“If they'd have done their job, they would have come out here and removed it when they put out the abatement order, I wouldn't have had any flooding from then on,” Strong said.
City attorney Dennis Wheeler said the 1993 abatement order in Strong’s case is the only one of its kind the municipality has issued in recent memory.
Channel 2 News called several municipal employees for an interview to find out why the order wasn’t enforced, but each declined to address the issue on-camera.
The mayor’s spokesperson, Lindsey Whitt, said the issue is a “civil matter” between two neighbors.
But seven years ago, documents show the city had a different stance.
In a 2005 email to other city employees, then city manager Denis LeBlanc urged the municipality to act on the Strongs’ behalf:
“After 15 years, I believe it’s time for us to take action,” LeBlanc wrote. “After 15 years of no response from us, they have stopped paying their taxes and are now accruing penalties. I don’t have all the details but this appears to be a classic opportunity for the MOA to move aggressively to resolve a long outstanding issue, which is precisely what the Mayor expects of us. Let’s do the right thing and do it quickly.”
In late 2007, the municipality offered to help once again.
But when the neighbors didn’t agree to the proposed terms, the city stepped back and in a 2007 letter said, “This is fundamentally a private matter between two adjoining landowners.”
The property next door to the Strongs has changed owners several times since the access road was built.
Channel 2 News called the current owner, James Williams. He decline to speak on-camera but did tell us he tried to help.
Within the past few years, Williams said, he paid to install culverts that met municipal codes as part of recent legal settlement with the Strongs.
In 2011, court documents show Strong agreed to a $7,500 settlement with Williams to put the issue to rest. The money paid for attorney fees.
Strong signed the document but said he did so “under duress” because of bad legal advice.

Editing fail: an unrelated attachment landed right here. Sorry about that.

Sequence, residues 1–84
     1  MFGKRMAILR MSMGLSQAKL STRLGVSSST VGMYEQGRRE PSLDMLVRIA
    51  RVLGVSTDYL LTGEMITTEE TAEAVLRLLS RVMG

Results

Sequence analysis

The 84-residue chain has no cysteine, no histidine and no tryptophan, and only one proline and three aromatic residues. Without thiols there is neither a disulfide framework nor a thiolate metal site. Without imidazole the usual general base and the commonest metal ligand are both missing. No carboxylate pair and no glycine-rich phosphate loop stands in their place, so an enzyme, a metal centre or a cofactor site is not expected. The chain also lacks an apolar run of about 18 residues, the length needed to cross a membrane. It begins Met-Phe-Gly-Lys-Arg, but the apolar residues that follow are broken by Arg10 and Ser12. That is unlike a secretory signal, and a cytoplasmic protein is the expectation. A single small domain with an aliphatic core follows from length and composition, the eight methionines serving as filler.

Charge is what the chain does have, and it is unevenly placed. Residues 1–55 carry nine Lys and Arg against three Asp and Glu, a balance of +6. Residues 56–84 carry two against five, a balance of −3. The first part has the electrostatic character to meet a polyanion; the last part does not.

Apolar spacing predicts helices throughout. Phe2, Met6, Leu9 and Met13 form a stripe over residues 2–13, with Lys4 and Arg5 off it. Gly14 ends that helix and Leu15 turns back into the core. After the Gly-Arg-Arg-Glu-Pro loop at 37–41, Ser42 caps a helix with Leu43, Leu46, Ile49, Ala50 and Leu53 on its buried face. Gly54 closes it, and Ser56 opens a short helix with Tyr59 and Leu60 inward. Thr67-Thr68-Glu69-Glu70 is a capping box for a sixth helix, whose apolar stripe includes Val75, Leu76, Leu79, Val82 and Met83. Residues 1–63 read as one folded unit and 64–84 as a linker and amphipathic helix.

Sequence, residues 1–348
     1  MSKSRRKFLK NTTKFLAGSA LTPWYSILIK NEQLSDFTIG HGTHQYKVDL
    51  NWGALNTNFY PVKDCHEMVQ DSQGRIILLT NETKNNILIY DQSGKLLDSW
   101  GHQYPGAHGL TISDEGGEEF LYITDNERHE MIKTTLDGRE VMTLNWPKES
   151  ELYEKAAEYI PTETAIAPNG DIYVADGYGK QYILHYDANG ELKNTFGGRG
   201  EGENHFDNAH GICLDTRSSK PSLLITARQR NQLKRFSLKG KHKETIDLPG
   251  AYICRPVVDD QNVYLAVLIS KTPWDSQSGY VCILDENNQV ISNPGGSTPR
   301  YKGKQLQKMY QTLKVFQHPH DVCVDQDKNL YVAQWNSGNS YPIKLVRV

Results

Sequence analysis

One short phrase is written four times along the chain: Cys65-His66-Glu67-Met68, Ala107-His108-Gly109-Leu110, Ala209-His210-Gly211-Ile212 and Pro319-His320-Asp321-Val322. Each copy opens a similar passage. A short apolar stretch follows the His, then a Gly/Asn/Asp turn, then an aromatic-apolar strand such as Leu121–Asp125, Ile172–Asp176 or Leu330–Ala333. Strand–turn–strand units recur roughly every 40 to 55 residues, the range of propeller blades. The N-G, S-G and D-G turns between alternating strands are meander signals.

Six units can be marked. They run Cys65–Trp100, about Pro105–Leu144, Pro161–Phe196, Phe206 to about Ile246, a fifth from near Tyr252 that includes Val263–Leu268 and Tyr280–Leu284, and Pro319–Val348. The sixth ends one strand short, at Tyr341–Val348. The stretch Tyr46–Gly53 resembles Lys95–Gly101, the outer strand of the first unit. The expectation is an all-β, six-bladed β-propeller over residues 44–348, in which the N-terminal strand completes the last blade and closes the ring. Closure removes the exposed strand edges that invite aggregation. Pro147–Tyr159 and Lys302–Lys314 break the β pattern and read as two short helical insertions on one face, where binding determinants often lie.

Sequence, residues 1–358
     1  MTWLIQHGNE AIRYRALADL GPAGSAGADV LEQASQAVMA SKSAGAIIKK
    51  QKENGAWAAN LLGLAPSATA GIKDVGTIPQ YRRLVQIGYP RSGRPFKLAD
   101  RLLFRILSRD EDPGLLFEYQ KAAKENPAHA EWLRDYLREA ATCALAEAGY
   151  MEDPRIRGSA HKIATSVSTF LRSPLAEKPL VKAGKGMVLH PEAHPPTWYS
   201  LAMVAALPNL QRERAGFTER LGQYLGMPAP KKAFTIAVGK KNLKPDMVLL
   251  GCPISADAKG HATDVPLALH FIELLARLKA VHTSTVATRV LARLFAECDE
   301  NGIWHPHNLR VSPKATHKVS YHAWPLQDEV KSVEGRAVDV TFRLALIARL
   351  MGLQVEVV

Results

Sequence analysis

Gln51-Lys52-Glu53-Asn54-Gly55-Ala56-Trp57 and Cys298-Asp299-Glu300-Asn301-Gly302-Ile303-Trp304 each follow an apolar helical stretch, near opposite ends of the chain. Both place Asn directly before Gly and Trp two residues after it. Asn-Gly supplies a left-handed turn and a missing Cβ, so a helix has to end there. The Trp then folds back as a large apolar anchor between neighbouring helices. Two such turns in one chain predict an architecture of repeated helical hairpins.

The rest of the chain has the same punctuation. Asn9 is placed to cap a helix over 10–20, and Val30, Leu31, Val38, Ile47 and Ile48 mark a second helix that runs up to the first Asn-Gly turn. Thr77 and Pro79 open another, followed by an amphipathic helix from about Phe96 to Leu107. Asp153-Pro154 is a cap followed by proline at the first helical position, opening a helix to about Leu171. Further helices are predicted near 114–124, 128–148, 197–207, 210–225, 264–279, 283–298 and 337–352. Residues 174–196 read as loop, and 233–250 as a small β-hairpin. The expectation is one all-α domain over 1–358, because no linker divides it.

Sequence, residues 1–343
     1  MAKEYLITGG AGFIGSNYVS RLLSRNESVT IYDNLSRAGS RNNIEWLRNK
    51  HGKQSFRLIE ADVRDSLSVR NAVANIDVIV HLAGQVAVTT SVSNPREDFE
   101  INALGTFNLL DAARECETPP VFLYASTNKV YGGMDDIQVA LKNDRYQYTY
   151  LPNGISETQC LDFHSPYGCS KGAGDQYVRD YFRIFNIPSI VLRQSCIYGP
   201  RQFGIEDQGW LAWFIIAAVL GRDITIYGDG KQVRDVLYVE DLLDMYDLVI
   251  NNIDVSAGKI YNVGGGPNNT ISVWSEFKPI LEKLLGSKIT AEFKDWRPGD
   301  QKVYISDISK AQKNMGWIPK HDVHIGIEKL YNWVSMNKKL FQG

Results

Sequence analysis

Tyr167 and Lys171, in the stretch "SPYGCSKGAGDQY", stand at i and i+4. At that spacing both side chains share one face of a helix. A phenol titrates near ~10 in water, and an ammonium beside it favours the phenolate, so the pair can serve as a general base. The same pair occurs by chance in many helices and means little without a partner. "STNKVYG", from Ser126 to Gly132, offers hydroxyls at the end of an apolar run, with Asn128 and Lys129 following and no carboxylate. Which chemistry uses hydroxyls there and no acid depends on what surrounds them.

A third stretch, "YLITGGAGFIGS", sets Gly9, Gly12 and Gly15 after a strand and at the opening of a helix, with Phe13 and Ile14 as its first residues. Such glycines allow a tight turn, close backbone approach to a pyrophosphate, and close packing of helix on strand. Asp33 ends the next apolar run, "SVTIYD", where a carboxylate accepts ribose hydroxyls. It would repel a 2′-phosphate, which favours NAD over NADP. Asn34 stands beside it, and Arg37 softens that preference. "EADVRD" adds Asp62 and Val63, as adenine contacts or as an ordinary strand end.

He said the settlement does not negate the city’s responsibility. The Strongs said the flooding wouldn’t be a decades-old problem if the city had enforced its own order.
“The municipality didn’t do their job,” Strong said.
A lawsuit against the municipality is now the Strongs’ last resort.
“If we sue the city, we’re suing all the other taxpayers,” said Daisy Strong. “We don’t want to do that.”
Nor do the Strongs want to spend another year dreading yet another flood.
“We’re emotional about it because it shouldn’t be happening,” said Daisy. “We’re 87 and 89. What are we going to leave (our grandson) to deal with--and our great-granddaughter, whom we love dearly?”
“When I die, the property goes to Calvin here, and if we don't have this out by the time I kick the bucket, then he's got a problem,” Strong said.
Calloway said he has lived with the problem much of his life, but it doesn’t get easier.
“It stresses you out, makes you crazy, when your grandparents go to the city to get help and all they get is a bunch of 'Well, what are we supposed to do'?” he said.
With no resolution in sight, Strong’s nearly quarter-century-long mission to achieve a flood-free home has proven to be the longest battle this World War 2 veteran has ever fought.